Serving Minnesota and Northern Iowa.

Consumers may need to lead charge to protect soil health

By Carol Stender

Date Modified: 10/22/2012 2:58 PM

E-mail article | Print version

MORRIS, Minn. — Jay Fuhrer was the self-proclaimed "waterway king" of North Dakota.

It was the standard answer at one point to water and soil erosion issues, said the Burleigh County National Resource Conservation Service district conservationist.

Then, the county's NRCS committee had an "ah-ha" moment.

Fuhrer, speaking to more than 250 people through a seven-site video conference link in Minnesota, said the group realized they couldn't continue their farming and conservation practices.

"We said, 'We can't degrade this further,'" Fuhrer said from the event's Morris location. "We were at the bottom. Building waterways was our solution, but we realized the foundation principles (of soil management) weren't in place."

Fuhrer explained how Burleigh County changed field and pasture management methods. The NRCS and farmers partnered on the effort.

Farmland was planted to wheat and seasonally grazed, adding diversity. Farmers were planting peas, corn and soybeans. They planted cover crops and used no-till. Cattle producers used winter grazing.

It didn't happen overnight, Fuhrer said.

The Burleigh County NRCS hosts one to two out-of-state groups that want to learn more about soils each week, Fuhrer said.

"The excitement is finding your road and, as you go down that road, to see things evolve," Fuhrer said.

Not everyone will be able to do things exactly as Burleigh County farmers and ranchers did, but the principles are the same, he said.

"It's unique not only to your state and county, but it's unique also to your farmers and ranches."

Several Minnesota farmers have already taken steps to rebuild soils.

Grant Breitkreutz has a 1,300-head herd near Redwood Falls. Alfalfa and wheat are among his crops and he's converted some tillable land to grassland. He's worked with NRCS to develop his system. The operation has 15,000 feet of fencing and 10,000 feet of waterways above ground.

They started winter bale feeding last year.

Tim Dritz is a strip-till farmer from Henricks. With reduced tillage it seems as if wet spots are getting smaller.

Jim Wulf is a livestock producer from Starbuck. He had been part of the family's 700-cow Limousin operation near Morris. He was in charge of cow herd pasture management. The family had a pasture management plan and recognized the benefits of rotational grazing.

He purchased the Starbuck farm last fall and decided, with his family, to go on his own.

They use cover crops and rotational grazing. They graze their 300-cow herd on their own land and on U.S. Fish and Wildlife Service land.

Troy Salzer, a livestock producer from Barnum, farms in a wooded area. Salzer's farm doesn't have rich soils. He found that using crop diversity and cover crops has put back some of the soil's components.

Chris Blanchard is an organic community supported farmer from Decorah, Iowa. He focuses on minimum disturbance tillage. he does a lot with contour strips.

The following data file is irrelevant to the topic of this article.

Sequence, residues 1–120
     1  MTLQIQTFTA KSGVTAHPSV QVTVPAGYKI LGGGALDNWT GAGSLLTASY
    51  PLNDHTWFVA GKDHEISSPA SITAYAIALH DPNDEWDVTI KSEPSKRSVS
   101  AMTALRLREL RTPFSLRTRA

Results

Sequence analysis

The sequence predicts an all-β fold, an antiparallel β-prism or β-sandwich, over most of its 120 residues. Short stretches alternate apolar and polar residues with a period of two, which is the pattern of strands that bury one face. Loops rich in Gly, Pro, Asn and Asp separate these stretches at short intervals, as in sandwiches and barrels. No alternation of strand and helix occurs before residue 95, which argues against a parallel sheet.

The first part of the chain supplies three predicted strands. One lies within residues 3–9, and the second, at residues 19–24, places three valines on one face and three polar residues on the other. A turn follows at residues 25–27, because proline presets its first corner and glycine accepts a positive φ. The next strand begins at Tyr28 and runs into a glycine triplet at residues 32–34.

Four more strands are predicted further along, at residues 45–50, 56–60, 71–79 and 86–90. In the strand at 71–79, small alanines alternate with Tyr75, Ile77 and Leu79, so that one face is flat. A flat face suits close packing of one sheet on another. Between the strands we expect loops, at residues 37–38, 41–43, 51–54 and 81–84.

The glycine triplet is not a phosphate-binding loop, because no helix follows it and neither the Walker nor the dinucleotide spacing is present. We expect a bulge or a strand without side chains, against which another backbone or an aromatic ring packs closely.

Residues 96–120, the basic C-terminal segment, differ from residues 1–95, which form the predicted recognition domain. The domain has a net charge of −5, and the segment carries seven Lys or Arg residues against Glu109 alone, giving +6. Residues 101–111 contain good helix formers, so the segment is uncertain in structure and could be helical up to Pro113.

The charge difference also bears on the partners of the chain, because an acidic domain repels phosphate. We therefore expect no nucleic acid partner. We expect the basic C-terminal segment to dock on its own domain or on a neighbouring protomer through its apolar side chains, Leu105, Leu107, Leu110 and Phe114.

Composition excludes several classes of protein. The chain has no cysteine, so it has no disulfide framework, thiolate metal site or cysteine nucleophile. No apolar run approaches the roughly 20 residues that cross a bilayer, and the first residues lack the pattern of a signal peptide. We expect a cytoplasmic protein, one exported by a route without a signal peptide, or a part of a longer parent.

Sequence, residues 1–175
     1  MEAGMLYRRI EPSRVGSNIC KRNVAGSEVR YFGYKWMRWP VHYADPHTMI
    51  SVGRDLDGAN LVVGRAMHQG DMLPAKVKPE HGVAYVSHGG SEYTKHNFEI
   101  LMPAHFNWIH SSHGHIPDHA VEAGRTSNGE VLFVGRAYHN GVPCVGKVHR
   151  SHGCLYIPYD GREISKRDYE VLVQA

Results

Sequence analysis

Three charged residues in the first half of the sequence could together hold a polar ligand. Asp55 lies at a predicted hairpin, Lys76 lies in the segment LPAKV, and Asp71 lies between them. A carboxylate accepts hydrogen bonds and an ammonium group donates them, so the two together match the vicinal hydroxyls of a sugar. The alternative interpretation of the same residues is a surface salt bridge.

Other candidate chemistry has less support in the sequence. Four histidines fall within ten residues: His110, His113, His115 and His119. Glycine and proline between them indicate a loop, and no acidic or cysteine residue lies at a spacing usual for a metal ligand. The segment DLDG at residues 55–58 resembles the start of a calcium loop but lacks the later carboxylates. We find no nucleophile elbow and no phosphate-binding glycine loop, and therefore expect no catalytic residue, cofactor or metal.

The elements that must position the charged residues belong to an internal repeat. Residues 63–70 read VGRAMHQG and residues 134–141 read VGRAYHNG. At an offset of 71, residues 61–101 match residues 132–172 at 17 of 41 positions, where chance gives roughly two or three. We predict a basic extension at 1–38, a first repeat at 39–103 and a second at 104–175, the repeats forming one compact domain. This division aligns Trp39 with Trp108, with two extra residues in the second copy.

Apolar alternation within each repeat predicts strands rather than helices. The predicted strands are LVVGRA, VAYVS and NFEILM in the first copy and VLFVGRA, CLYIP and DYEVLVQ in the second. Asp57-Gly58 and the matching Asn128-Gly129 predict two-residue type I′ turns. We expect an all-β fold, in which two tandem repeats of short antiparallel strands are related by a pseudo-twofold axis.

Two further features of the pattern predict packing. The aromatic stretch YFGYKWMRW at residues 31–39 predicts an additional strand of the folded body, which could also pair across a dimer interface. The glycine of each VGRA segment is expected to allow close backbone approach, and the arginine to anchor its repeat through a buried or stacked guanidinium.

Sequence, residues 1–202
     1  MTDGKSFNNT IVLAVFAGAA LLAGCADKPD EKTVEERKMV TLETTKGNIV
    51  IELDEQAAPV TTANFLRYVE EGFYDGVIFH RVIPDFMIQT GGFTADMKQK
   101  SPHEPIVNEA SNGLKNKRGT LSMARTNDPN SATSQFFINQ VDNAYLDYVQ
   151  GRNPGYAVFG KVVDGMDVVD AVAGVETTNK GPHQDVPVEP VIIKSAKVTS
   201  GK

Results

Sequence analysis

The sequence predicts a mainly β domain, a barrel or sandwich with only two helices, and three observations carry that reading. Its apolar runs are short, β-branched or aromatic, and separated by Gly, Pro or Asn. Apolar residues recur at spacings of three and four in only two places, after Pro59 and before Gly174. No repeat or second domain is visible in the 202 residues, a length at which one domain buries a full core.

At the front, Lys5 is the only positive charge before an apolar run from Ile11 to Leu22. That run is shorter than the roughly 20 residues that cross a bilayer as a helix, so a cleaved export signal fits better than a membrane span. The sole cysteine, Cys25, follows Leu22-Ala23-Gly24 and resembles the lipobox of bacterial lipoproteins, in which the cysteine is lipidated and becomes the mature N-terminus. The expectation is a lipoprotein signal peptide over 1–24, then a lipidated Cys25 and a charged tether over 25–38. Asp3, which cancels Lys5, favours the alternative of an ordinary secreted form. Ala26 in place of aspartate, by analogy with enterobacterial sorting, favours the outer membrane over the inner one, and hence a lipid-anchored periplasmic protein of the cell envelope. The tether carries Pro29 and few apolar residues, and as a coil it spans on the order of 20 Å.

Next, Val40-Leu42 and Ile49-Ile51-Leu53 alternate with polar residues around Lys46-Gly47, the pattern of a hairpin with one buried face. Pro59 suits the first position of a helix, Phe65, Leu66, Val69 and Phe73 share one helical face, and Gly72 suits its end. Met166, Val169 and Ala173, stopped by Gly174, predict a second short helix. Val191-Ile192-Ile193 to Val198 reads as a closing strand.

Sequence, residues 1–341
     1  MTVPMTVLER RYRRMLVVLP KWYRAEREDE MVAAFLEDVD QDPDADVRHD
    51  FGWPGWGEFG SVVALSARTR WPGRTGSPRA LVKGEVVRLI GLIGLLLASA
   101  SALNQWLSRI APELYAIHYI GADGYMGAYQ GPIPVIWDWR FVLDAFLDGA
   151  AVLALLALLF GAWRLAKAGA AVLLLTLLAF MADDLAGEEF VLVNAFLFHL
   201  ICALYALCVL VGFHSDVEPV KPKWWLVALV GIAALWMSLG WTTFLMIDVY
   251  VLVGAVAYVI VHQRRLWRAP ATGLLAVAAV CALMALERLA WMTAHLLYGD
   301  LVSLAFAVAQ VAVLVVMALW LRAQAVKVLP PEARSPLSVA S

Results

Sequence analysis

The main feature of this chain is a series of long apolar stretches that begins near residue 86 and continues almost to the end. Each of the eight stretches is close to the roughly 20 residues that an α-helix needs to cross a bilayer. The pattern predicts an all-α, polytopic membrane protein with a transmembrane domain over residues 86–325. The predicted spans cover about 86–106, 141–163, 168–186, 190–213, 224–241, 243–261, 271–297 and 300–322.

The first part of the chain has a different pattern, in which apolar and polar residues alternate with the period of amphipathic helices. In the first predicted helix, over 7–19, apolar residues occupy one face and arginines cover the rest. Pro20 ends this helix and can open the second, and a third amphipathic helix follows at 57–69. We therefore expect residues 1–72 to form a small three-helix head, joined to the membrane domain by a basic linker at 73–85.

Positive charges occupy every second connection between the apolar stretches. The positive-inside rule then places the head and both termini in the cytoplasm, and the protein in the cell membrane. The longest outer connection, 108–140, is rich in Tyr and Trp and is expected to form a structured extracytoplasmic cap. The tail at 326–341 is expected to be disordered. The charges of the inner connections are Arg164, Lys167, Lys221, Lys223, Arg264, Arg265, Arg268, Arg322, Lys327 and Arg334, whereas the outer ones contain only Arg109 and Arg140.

Minnesota NRCS state conservationist Don Baloun is also excited about the effort. Baloun said people are starting to recognize the importance of soil nutrients. Graziers and livestock producers have, for some time, talked about rebuilding soils.

"I am here to tell you from a conservation standpoint, it's all about the soils," he said.

He had a message to young producers.

"Those of you who are younger than me and you want to have an impact, the one thing you can do is bring this message home," he said. "Having said that we have to be careful."

Care must be taken when making the changes. Sometimes when initiating a change, Mother Nature throws a curveball and the change is the first thing to be blamed.

Fuhrer pointed to five principles in rebuilding soil health: Keep the soil covered; minimize soil disturbance; crop diversity; continual live plants; and livestock integration.

"You can't tolerate any wind or water erosion if you are going to build soils," Fuhrer said. "It doesn't work. I'm 30-some years of testimony to that fact. When we were building our waterways, we weren't building our soils. We don't have erosion under control in this nation."

Once soil health is restored, there is soil biodiversity, he said.

It doesn't matter what crops are grown, Fuhrer said. What matters is cropping diversity. He encouraged producers to use all four crop types in the annual rotation.

Fuhrer was asked how to convince farmers about crop diversity with the high price for corn and soybeans. Consumer groups may do the convincing, he said.

"We try to find the path for soil health and education, but what I have seen to date is that the most influential people will be the consumers," Fuhrer said. "What it boils down to is soil health, food health and people. Can you blame the farmer when corn is at $8 or $9? No. He is making a living. But when you look at this nation as a farm, we have little diversity on it."